The History of the Latter-day Church » The Church Enters the 20th Century

[this teaching has not yet been illustrated]


As the turn of the century approached, the costs of constructing temples, legal fees, and supporting the families of Saints in prison for polygamy had driven the Church deep into debt. Upon his ordination as president, Lorenzo Snow barred the Church from borrowing further money from banks, and became convinced that the solution to the Church's financial crisis was the payment of tithing.


In 1899, Snow traveled to drought-stricken Southern Utah where he told Saints there that Jesus was not pleased that they were neglecting to pay their tithes. He assured them the drought would be lifted when a full and honest tithing was made. Back in Salt Lake City, Snow made similar speeches. In one conference, when the attendees pledged to accept the doctrine of tithing, Snow declared, "Every man who is here, who has made this promise, will be saved in the Celestial Kingdom."


During Snow's brief tenure as president he elucidated Church doctrine concerning the divine nature and destiny of mankind. With inspiration from Jesus he composed the following couplet: "As man now is, God once was; As God now is, man may be." He also oversaw the first sending out of women into the missionary field, marking the first time the Church had set apart female Saints as ambassadors of Jesus Christ.


At the dawn of the new century, the 87-year-old Snow issued a proclamation titled Greeting to the World on behalf of the Saints who now numbered more than 280,000 worldwide. In it, he put forth the hope that the 20th century would be an age of peace—in which war, with its horrors, would become but a memory. And he called on the monarchs and rulers among the nations to disband their armies, repent, and turn to Jesus.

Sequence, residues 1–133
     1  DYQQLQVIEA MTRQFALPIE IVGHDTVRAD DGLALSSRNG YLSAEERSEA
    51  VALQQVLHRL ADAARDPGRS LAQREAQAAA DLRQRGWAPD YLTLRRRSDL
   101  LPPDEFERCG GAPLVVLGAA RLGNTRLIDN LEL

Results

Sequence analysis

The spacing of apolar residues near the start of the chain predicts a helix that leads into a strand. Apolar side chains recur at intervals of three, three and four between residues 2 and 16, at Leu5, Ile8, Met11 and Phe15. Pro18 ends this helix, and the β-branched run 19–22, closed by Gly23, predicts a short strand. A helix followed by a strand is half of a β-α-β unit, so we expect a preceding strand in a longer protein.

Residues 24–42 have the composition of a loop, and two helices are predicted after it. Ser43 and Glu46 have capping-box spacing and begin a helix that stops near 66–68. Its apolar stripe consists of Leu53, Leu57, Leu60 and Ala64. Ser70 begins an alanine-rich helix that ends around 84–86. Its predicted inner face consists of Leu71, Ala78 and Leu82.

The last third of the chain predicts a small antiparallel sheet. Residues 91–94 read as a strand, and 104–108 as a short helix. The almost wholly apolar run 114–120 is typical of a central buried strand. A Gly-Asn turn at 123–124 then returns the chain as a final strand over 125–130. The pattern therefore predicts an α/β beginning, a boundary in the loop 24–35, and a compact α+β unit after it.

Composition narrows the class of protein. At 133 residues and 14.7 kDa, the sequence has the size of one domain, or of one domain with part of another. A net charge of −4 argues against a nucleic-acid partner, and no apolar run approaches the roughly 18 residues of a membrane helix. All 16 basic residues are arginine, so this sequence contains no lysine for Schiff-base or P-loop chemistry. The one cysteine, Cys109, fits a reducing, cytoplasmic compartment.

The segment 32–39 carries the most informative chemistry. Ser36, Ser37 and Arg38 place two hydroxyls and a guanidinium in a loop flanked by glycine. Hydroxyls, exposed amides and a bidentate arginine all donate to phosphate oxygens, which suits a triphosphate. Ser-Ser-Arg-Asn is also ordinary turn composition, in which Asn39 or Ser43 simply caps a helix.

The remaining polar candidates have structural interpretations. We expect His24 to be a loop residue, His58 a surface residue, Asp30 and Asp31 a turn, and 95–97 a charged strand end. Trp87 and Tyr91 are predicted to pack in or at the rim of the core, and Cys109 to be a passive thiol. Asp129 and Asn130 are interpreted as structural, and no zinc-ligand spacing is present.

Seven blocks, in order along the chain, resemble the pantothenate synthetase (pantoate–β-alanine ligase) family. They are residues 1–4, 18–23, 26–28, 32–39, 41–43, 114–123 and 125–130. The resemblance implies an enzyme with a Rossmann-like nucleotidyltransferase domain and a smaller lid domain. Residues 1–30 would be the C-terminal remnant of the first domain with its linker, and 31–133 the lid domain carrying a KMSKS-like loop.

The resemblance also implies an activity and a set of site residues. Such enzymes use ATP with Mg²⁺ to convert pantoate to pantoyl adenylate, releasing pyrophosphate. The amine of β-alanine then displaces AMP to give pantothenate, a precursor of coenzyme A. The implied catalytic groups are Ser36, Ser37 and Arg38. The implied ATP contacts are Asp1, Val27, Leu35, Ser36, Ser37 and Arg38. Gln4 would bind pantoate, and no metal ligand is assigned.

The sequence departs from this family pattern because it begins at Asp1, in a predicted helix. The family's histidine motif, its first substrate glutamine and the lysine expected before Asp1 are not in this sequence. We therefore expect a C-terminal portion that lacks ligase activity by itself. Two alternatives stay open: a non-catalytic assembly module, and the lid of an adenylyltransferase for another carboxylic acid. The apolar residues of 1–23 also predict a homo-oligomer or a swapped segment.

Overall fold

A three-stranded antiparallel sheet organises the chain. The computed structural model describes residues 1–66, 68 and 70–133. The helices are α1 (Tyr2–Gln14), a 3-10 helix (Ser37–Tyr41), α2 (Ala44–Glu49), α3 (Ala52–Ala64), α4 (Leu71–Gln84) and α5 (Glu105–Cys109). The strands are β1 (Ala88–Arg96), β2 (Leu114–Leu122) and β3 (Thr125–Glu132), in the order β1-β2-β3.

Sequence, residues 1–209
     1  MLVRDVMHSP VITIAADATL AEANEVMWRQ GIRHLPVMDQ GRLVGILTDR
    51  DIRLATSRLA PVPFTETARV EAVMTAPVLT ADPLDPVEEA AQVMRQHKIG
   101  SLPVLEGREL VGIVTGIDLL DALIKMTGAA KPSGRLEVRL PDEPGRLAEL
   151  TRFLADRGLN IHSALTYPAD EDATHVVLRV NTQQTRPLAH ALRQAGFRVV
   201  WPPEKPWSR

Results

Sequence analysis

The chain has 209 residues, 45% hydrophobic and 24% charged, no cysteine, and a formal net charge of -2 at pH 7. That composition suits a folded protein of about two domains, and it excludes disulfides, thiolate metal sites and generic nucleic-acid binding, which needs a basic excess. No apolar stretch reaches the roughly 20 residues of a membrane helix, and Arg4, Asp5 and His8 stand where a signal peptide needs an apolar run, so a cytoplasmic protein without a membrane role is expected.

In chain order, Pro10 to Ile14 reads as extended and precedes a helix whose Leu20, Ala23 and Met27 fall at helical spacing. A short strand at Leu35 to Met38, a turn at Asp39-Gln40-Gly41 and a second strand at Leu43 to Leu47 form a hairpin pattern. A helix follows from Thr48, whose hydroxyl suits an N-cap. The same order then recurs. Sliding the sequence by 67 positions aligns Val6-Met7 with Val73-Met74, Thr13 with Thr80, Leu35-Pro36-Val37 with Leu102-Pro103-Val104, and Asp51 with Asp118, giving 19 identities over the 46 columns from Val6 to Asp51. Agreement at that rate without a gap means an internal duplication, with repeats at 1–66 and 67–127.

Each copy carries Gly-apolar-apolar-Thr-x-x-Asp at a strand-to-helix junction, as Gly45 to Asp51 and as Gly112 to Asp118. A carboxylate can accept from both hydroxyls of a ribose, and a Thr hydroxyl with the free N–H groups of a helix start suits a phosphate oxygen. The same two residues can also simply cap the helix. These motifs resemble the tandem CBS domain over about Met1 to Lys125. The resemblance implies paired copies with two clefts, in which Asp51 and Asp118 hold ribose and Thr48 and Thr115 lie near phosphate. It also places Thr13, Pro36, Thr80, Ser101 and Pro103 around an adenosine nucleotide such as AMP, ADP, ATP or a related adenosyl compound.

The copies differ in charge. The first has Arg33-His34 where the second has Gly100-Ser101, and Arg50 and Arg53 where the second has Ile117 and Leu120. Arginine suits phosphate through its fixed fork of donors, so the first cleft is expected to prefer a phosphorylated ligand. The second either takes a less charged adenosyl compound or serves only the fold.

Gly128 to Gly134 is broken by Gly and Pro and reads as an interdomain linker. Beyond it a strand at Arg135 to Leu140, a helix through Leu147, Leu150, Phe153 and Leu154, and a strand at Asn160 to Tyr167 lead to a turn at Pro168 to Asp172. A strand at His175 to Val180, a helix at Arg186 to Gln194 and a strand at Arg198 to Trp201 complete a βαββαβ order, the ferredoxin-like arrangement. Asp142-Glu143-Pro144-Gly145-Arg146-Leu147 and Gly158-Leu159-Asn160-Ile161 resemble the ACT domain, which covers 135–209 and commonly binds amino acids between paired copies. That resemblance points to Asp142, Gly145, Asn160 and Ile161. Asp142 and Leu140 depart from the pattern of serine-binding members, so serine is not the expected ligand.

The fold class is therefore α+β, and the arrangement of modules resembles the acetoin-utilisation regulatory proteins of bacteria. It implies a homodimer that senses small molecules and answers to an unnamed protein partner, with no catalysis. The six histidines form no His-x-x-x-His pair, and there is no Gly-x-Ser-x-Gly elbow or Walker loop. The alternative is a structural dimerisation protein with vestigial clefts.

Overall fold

When Snow died in late 1901, he was succeeded by the prophet Joseph Smith's nephew and namesake, Joseph F. Smith. Early in Smith's presidency it became known that certain Church leaders were still performing plural marriages in defiance of US law and the will of God. Smith was forced to issue a "second manifesto" specifying that anyone known to have solemnized or taken part in a plural marriage would be removed from the Church. Shortly following this announcement, two of the Twelve Apostles were excommunicated.


Blacks of African descent had been barred from the priesthood by Brigham Young in 1852. Subsequent presidents of the Church restricted blacks from being married in temples or receiving the temple endowment ritual. Different reasonings were supplied to justify these exclusions, and around the turn of the century a theory became popular among Church leaders and members that blacks had been less valiant in the premortal war in heaven against Lucifer and his angels.


In 1911, Joseph F. Smith became the first Church president to travel to Europe, where he visited the Saints living in England, the Netherlands, France, Switzerland, and Germany. While in Rotterdam, Smith strengthened the faith of many by restoring sight to an 11-year-old boy who had told his mother, "the Prophet has the most power of any missionary on earth. If you will take me with you to meeting and he will look into my eyes I believe they will be healed."


World War I ravaged Europe from 1914 to 1918. In Germany, patriotic Saints fought for their fatherland. When the US joined the war in 1917, more than 24,000 members of the Church enlisted to fight. Such a demonstration of loyalty did much to reduce America's poor opinion of Mormons from previous decades. President Smith sent troops off to war reminding them that even in conflict, people should retain "the spirit of humanity, of love, and of peace-making."



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